by Henry M. Morris, Ph.D.
“I know thy works, and charity, and service, and faith, and thy patience, and thy works; and the last to be more than the first.” (Revelation 2:19)
Seven times in the letters to His seven representative churches in Revelation 2 and 3, the Lord Jesus says: “I know thy works” (Revelation 2:2, 9, 13, 19; 3:1, 8, 15). Whatever we are doing—or not doing—He knows!
Sometimes such knowledge can bring—or at least should bring—great consternation. He knows, for example, all our hypocrisies: “I know . . . that thou hast a name that thou livest, and art dead” (Revelation 3:1). He also knows when our outward display of religious activity masks a real heart-attitude of compromising self-interest. “I know thy works, that thou art neither cold nor hot” (Revelation 3:15).
Yet He also knows when our service is genuine and our testimony is God-glorifying and faithful. “I know . . . thy labour, and thy patience. . . . I know . . . thou holdest fast my name, and hast not denied my faith” (Revelation 2:2, 13).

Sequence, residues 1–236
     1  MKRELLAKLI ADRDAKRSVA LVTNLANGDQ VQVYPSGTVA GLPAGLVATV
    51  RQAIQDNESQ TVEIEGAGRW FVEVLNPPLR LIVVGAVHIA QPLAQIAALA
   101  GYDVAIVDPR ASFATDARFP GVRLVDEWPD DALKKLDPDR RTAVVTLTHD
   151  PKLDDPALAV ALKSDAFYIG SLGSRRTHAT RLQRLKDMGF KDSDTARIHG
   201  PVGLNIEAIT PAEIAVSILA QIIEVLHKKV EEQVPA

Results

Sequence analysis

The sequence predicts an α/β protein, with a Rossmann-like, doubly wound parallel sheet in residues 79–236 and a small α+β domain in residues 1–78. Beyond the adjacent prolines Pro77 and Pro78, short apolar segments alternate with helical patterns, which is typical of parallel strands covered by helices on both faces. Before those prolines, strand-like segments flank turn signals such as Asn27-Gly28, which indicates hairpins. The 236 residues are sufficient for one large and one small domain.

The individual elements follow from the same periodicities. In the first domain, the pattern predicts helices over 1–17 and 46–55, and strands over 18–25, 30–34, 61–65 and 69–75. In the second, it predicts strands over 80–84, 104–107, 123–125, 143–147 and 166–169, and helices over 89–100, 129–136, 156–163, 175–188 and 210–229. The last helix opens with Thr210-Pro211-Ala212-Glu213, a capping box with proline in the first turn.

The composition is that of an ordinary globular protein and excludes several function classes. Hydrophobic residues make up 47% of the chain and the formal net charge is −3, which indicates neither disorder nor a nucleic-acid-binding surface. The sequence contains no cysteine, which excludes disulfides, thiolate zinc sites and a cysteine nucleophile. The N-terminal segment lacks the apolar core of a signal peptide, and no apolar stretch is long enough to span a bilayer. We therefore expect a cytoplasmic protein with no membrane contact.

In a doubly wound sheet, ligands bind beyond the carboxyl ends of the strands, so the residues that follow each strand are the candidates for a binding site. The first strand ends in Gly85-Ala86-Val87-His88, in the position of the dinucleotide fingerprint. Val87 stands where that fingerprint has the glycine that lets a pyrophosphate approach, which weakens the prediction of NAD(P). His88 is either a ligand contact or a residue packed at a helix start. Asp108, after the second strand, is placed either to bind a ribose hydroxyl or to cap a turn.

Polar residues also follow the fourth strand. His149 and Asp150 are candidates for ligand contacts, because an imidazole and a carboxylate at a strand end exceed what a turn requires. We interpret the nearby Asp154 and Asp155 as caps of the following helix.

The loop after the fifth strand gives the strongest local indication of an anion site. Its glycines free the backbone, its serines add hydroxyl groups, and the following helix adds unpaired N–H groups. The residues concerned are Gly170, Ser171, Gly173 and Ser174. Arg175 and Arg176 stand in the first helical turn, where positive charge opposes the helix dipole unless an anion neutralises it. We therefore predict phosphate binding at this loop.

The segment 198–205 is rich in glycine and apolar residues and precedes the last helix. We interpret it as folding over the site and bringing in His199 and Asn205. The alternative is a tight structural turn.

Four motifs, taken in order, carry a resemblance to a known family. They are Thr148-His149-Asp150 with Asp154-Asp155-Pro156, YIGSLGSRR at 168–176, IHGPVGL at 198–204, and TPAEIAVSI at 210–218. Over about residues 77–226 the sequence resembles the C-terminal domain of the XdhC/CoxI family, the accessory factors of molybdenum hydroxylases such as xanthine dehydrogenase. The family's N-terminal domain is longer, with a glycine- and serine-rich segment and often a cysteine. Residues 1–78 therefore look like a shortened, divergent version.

Of these seven testimonies of His knowledge, the central one is in our text. He knows when we really love Him, for the “charity” mentioned is nothing less than agape, or unselfish love. He knows all about our sincere “service” and true “faith” in His Word, as well as our “patience” of hope.
Perhaps the most precious of His assurances, however, is that to the suffering church at Smyrna. “I know thy . . . tribulation, and poverty” (Revelation 2:9). When He says that He knows, the sense is that He understands, because He has been through it all Himself. Therefore, “we have not an high priest which cannot be touched with the feeling of our infirmities; but was in all points tempted like as we are, yet without sin. Let us therefore come boldly unto the throne of grace, that we may obtain mercy, and find grace to help in time of need” (Hebrews 4:15-16). HMM